At any rate, Rorate Caeli has two different perspectives on the just completed synod. Cardinals Walter Kasper and George Pell. They have two completely different perspectives.
Ultimately the pope will decide. His is the only opinion that counts:
From Rorate Caeli:
Cardinal Kasper clearly considers the Final Relatio of the Synod favors his position in an exclusive interview to Il Giornale, translated only by Rorate. Cardinal Pell (see video below) does not. Whose view will Francis favor if the language is unclear?...
“Communion for the divorced if they repent; homosexual [unions] are not family”
Serena SartiniIL GIORNALEOctober 26, 2015
At the closing of the Synod, where his progressive line prevailed, the high-ranked Prelate says: "We will do everything we can to save couples" The Pope will have the last word [on the matter]. Time is needed for the document“I’m satisfied and happy with the work of the Synod. The final report (approved by a two-thirds majority) is a good text. Now it’s up to the Pope to make a decision. I hope he issues a document which highlights the joy of Christian marriage.” Cardinal Kasper, leader of the progressive front, draws up a balance of the Synod on the Family which has just concluded. In this interview to ‘IL GIORNALE’ he describes the atmosphere of the Synod’s work and the significance of an opening to the divorced and remarried being admitted to Holy Communion, something he strongly supports.Your Eminence, your line prevailed at the Synod, that is, the possibility of the divorced and remarried being admitted to Communion on a ”case by case” valuation. How would you evaluate the Synod Fathers’ discussions on this theme?“I’m satisfied; the door has been opened to the possibility of the divorced and remarried being granted Communion. There has been somewhat of an opening, but the consequences were not discussed. All of this is now in the Pope’s hands, who will decide what has to be done. The synod made suggestions. There has been an opening, but the question has still to be resolved in full and needs to be studied more.”What is meant by it’s up to the presbyter to decide case by case?“There has to be some conditions in order to receive the Sacrament of the Eucharist. In the meantime, an appraisal has to be made [to see] that everything possible has been done to save the first marriage; then that there has to be a path of repentance by the couple. And then a path of reflection and accompaniment [will] be necessary as divorce is a disaster and leaves traumatic experiences in it tracks. Time is needed to overcome the wounds of a separation.”But doesn’t such an opening risk backing divorce?“No, not at all. The doors aren’t opened for divorce. Parish priests have to do everything they can to reconcile the couple. Divorce is never a pleasant thing; it is a sad moment most of all for the children of the couple who are separating.”There have been many disturbing elements: ‘the coming out’ of Monsignor Charamsa who declared his homosexuality, the 13 cardinals’ letter who contested the work methods of the Synod, the news diffused about the Pope having a benign brain tumor. Did all of this destabilize the work at the gathering?“The Synod did not allow itself to be manipulated. We went ahead with our work along the lines of the fixed agenda, without allowing ourselves to be influenced or manipulated by external factors.”However, a ‘no’ came from the Synod as regards homosexual unions…“The theme of the Synod was the family, and homosexual unions are not family. We didn’t linger on the subject of homosexual unions but just on the reality of people with homosexual tendencies inside families. The Church has to help live these situations, and has to help in avoiding discriminations.”What can we expect now from the Pope?“I hope that the Holy Father issues a convincing text that highlights the joy of Christian marriage, this is the most important thing. The indissolubility of marriage is not in question, but there is [also]no opposition between mercy and the Truth of the Gospel.”How long will we have to wait for Francis’ decision?“Some time is necessary, it is not a document that can be done in one or two days. The final report of the Synod is a base for the Pope. I hope the text arrives during the Year of Mercy. It would be a very good sign.”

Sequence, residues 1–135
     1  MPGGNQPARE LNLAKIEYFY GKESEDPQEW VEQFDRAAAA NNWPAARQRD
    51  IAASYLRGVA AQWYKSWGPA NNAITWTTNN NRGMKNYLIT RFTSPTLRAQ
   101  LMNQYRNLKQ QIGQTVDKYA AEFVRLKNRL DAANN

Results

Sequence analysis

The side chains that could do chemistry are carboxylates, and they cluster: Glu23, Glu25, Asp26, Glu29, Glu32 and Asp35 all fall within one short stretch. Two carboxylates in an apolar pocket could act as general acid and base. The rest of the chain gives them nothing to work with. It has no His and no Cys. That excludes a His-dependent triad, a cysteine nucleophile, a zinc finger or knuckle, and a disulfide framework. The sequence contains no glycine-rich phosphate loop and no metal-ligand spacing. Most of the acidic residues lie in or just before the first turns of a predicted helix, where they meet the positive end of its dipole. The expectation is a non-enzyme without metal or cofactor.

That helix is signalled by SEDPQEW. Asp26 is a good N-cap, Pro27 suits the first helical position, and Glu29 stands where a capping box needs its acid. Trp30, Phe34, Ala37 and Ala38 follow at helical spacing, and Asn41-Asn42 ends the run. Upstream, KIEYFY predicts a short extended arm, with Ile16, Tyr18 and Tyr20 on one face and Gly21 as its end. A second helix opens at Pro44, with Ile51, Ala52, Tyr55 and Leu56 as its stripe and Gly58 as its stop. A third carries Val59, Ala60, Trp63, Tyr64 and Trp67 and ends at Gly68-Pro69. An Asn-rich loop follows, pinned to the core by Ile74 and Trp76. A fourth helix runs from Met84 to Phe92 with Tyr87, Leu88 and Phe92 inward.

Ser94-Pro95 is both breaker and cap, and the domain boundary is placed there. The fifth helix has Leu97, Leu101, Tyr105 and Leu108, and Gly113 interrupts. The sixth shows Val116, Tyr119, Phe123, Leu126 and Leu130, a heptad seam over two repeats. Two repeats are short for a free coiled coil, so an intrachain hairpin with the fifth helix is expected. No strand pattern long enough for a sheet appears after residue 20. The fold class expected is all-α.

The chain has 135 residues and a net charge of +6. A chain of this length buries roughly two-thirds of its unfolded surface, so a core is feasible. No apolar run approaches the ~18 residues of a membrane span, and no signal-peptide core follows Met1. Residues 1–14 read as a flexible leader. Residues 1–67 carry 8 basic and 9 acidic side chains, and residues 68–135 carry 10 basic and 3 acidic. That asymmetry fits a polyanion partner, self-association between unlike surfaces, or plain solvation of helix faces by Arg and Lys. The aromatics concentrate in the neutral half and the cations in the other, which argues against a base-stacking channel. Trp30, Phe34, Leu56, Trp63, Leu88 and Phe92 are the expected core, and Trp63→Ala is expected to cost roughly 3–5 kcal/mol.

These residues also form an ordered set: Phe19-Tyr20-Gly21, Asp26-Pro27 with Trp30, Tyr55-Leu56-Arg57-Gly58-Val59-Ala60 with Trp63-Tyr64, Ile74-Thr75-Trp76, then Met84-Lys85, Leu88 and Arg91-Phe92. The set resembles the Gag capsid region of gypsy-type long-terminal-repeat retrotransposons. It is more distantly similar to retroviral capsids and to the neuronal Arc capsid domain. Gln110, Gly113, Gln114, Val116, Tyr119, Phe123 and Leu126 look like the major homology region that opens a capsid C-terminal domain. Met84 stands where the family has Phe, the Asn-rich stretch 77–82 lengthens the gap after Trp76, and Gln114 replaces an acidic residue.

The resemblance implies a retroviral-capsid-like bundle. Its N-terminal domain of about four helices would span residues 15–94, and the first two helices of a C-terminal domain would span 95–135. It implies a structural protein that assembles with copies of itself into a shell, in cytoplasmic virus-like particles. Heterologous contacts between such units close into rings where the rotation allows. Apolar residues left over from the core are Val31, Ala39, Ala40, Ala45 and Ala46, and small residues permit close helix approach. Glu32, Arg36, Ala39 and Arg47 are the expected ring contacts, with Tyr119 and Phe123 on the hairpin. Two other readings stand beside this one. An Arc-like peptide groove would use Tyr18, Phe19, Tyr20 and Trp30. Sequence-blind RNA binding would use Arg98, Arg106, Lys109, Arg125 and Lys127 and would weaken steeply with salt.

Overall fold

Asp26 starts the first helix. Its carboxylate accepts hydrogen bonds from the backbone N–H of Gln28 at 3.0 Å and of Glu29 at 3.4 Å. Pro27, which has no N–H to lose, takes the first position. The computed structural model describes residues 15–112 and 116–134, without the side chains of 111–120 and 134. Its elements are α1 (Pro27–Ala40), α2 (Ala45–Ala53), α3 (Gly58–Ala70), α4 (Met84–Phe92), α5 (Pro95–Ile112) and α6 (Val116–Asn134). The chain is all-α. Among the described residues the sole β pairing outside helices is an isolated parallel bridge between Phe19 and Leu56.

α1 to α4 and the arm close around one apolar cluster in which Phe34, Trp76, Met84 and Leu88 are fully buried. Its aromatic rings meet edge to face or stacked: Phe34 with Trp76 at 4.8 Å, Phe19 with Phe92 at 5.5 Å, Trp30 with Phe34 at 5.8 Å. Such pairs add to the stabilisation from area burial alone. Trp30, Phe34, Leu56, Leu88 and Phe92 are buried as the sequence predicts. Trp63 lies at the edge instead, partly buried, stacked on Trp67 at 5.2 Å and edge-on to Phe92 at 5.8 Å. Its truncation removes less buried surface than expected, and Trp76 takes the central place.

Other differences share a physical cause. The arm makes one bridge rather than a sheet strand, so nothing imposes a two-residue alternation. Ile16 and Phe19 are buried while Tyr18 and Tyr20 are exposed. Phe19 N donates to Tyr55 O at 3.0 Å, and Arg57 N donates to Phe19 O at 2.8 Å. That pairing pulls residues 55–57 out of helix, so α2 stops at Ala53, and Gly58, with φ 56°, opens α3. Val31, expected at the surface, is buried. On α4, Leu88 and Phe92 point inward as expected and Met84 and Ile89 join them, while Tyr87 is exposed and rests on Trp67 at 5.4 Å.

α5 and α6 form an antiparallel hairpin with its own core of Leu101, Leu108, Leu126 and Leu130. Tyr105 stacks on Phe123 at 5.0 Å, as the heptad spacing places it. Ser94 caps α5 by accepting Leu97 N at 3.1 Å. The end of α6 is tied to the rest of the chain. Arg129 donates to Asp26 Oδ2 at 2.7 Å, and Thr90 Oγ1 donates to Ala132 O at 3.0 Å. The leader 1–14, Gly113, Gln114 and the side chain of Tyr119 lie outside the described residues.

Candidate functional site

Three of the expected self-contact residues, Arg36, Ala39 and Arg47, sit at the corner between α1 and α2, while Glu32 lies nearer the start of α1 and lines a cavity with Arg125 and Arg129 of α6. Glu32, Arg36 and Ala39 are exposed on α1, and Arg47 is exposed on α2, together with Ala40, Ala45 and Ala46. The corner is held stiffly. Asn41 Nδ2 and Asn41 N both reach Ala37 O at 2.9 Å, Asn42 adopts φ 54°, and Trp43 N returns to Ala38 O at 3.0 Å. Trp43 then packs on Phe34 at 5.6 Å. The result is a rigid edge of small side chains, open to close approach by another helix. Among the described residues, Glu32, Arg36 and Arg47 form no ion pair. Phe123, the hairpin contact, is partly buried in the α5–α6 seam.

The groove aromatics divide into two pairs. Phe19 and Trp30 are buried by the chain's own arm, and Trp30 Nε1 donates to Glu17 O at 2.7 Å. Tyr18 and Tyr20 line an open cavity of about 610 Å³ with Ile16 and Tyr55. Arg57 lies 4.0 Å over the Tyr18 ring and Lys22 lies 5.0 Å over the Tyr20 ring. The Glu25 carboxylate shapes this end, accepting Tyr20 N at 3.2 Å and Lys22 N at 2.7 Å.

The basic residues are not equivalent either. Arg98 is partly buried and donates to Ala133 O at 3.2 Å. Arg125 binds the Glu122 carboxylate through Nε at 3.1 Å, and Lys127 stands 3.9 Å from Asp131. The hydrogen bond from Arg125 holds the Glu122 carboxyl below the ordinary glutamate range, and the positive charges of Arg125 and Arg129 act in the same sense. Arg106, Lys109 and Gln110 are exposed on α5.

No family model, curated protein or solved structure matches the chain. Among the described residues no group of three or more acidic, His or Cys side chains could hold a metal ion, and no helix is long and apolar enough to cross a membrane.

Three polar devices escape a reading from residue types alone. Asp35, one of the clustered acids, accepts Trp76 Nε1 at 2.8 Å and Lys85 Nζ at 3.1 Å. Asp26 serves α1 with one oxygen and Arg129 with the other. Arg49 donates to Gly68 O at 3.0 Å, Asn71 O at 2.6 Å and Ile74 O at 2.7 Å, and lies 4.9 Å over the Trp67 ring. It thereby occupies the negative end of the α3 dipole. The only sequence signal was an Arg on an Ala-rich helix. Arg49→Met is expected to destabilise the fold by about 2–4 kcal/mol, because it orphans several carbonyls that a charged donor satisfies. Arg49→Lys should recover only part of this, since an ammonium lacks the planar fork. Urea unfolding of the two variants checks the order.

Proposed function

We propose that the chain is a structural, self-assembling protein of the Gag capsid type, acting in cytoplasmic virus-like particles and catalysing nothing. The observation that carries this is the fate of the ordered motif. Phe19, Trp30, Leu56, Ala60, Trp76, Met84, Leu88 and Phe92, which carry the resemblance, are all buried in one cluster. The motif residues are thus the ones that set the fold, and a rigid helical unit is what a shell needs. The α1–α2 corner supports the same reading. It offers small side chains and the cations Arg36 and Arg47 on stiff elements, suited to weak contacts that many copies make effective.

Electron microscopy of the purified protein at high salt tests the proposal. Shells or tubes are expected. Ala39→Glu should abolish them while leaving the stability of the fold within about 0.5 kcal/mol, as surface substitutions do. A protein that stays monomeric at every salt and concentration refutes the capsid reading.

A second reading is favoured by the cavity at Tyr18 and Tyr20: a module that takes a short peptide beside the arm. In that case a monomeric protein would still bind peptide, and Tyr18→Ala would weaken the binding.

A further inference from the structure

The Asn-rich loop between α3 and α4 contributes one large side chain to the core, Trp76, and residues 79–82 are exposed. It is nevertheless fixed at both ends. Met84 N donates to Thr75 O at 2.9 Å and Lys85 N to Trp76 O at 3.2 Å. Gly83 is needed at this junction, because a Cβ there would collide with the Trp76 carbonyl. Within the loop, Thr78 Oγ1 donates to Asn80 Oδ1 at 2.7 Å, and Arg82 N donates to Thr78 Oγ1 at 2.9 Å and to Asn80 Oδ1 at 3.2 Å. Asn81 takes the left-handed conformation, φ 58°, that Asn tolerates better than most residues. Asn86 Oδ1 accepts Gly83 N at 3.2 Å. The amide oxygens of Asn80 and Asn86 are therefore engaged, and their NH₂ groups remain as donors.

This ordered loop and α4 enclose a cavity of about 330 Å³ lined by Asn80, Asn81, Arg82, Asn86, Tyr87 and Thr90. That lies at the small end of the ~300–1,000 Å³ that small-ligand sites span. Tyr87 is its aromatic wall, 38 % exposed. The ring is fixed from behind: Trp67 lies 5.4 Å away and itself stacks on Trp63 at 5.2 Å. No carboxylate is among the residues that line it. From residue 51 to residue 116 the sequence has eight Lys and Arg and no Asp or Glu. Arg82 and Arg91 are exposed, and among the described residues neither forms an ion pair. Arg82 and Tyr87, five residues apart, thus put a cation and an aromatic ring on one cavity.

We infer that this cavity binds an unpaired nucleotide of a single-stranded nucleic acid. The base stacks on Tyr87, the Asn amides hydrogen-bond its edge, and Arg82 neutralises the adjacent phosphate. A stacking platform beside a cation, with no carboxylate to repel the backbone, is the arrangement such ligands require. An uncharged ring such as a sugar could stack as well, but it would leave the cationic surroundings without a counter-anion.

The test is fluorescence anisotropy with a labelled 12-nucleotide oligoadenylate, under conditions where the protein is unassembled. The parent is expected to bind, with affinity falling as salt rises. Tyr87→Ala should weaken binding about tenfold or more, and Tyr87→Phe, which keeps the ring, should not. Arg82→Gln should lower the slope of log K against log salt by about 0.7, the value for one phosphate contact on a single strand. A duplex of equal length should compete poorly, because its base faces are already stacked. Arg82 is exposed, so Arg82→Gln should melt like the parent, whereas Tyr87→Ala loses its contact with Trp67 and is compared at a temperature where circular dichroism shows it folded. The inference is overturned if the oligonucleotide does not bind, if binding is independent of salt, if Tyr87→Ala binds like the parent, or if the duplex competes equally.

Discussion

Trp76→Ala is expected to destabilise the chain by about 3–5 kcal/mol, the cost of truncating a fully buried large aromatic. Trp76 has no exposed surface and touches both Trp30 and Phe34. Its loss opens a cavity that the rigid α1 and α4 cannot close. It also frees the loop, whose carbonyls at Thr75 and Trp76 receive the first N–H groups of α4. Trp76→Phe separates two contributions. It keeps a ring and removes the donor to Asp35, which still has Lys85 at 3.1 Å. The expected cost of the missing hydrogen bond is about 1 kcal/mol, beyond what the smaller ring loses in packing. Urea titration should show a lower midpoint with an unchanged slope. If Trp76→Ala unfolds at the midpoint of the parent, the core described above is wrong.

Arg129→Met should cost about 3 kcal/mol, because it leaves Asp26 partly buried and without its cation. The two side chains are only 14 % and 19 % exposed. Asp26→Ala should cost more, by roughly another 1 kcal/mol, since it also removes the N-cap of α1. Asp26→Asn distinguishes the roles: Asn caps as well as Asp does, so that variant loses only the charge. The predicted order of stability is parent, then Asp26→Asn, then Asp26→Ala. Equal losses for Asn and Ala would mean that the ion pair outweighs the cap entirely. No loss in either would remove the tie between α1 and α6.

Cardinal Pell is interviewed by Catholic News Service:
The loser in this is the Roman Catholic Church.
Cardinal Kasper's final comment is interesting, as a lot hangs on when Pope Francis is planning on publishing his document. It's likely that he was originally aiming to publish it at the start of the Year of Mercy (8 December), but that is surely less probable now, given the number of unresolved issues on the table. A delay would be no bad thing.